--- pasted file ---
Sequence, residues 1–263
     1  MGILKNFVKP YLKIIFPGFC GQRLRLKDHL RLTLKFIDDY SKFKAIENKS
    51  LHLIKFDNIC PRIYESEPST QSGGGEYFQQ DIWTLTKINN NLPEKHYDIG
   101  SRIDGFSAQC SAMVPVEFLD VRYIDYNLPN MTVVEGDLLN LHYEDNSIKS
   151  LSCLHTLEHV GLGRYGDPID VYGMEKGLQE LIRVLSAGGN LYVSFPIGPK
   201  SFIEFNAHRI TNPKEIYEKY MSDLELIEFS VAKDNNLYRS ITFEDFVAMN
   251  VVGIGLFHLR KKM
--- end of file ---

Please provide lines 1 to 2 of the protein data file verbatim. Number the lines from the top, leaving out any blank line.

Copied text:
Sequence, residues 1–263
     1  MGILKNFVKP YLKIIFPGFC GQRLRLKDHL RLTLKFIDDY SKFKAIENKS